The archived webcast is available at (under Special Meetings and Events) and

Tuesday, April 28, 2015

Truckers Picket Southern California Ports

By Mark Edward Nero

Truck drivers who haul goods to and from the ports in Long Beach, Los Angeles and San Diego began an “informational picket” the morning of April 27 in response to a long-simmering labor wages dispute involving the Teamsters and four Southern California drayage companies.

The four companies picketed during the day were Harbor Rail Transport, which is based near Los Angeles; Long Beach-based Intermodal Bridge Transport; Pacer Cartage, which has offices in San Diego and in Los Angeles County; and Pacific 9 Transportation, which has offices in the LA County cities of Carson and Long Beach.

The protest is the latest in a series of job actions that the truck drivers, supported by the Teamsters, have taken against harbor-area trucking firms. There was also a series of short-term strikes and pickets at the LA and Long Beach ports in 2013-14.

The truckers have contended that they should be classified as employees by the companies they work for, rather than independent contractors. The reclassification would possibly mean increased wages and health benefits. For years, the Teamsters union has worked to gain employee status for the drivers so they’d be eligible to join the union.

Of the estimated 500 drivers associated with the four companies, about 200 walked picket lines Monday morning and more were on hand during the afternoon for secondary picketing at port terminals.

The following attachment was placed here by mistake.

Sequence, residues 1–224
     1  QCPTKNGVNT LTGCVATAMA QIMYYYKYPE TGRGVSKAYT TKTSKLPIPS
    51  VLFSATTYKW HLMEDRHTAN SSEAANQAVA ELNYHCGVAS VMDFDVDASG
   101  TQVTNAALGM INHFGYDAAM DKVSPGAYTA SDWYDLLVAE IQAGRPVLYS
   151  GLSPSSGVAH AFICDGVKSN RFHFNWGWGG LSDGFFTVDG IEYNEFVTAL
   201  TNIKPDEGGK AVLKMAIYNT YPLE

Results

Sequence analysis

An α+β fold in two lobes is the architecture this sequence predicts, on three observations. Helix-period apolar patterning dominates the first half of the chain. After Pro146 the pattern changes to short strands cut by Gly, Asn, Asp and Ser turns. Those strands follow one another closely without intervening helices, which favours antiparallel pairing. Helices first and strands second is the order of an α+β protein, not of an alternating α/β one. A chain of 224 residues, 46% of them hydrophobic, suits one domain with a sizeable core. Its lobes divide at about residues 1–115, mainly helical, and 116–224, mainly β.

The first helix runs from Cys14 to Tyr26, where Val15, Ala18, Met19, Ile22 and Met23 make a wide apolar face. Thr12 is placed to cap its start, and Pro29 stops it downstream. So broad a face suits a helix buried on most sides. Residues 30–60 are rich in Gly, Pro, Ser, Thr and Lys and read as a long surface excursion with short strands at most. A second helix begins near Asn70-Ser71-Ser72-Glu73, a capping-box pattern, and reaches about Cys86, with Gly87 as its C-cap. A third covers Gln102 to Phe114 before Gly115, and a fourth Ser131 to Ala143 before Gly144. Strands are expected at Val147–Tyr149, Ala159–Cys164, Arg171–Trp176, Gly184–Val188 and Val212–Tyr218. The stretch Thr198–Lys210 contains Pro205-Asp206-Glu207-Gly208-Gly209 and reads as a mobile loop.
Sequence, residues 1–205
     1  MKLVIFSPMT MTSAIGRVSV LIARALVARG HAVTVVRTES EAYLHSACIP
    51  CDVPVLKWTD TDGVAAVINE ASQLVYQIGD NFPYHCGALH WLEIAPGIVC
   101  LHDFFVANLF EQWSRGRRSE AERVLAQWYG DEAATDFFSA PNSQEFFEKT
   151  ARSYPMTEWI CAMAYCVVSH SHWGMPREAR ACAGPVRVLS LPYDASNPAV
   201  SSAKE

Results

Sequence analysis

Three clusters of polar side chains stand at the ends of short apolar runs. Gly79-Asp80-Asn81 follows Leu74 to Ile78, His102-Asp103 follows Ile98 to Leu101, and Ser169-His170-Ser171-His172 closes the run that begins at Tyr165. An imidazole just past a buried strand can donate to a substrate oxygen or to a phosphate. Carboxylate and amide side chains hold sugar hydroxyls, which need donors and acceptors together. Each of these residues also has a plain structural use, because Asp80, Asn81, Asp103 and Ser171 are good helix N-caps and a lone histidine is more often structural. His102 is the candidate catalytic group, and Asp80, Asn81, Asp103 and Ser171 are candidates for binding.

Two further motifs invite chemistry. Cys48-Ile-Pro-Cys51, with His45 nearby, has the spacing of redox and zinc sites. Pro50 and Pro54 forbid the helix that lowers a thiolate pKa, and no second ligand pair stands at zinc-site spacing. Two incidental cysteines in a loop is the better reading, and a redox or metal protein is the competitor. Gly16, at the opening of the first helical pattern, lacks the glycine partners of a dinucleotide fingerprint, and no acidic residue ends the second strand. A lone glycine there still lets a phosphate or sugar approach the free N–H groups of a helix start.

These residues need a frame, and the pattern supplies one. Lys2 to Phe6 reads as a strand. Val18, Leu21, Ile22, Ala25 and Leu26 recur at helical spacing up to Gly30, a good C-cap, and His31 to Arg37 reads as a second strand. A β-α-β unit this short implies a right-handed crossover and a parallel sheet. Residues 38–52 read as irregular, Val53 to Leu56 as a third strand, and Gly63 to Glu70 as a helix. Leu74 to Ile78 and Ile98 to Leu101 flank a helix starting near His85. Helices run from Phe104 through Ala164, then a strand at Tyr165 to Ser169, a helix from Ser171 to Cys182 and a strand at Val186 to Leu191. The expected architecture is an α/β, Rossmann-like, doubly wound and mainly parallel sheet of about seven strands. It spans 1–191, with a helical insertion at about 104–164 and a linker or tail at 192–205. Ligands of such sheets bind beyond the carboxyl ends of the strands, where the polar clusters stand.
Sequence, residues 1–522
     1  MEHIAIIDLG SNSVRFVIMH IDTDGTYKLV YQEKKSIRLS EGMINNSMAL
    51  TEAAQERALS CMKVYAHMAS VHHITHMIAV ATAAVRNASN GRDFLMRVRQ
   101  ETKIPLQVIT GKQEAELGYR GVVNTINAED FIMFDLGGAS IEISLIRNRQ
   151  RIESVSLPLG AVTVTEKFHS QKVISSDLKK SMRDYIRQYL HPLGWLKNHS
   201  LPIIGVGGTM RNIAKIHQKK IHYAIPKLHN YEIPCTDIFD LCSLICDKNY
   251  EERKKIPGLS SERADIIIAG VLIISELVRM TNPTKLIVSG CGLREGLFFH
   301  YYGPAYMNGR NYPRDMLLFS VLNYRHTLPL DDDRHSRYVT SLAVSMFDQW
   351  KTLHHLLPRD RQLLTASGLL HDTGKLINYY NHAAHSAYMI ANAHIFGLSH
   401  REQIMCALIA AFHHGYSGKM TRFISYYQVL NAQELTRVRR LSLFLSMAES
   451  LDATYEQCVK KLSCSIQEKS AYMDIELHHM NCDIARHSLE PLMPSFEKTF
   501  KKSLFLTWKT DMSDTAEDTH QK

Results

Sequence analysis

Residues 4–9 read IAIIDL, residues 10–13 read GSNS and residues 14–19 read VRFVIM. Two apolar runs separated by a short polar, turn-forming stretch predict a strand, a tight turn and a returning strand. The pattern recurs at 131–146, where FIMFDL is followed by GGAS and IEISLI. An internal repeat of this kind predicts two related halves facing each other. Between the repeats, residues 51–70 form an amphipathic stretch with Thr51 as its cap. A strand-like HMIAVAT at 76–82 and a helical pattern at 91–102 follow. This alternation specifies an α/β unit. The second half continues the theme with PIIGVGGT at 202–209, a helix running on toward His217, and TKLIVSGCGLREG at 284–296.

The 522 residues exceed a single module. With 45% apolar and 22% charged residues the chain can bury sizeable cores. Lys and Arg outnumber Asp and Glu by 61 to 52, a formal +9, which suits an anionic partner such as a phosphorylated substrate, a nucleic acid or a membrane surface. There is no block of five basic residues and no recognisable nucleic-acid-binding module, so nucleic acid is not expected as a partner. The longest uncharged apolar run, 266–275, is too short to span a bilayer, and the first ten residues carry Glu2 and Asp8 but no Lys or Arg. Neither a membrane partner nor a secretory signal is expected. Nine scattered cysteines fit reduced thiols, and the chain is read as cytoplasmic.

Terminals at all three ports remained opened Monday morning, a point that Port of Long Beach Chief Executive Jon Slangerup wanted to make clear.

“Dockworkers have reported to work and truckers have been able to enter and exit the affected terminals without delay,” Slangerup said Monday morning about his port. “We do not expect that there will be any adverse impact to port terminals.”

The Harbor Trucking Association, which represents trucking companies near the ports, said last week when it was becoming clear when the possibility of picketing was rising, that the pickets would come at a “horrible” time, since some ports are still trying to dig out from a backlog of cargo containers built up last fall and winter during a labor dispute between terminal operators and longshore workers.

“If they want to be a part of the real solution perhaps they should suspend these efforts until we get closer to a normal flow of cargo in the San Pedro Bay,” Trucking Association Executive Director Weston LaBar said. “We don't want to put any more jobs in our region in jeopardy.”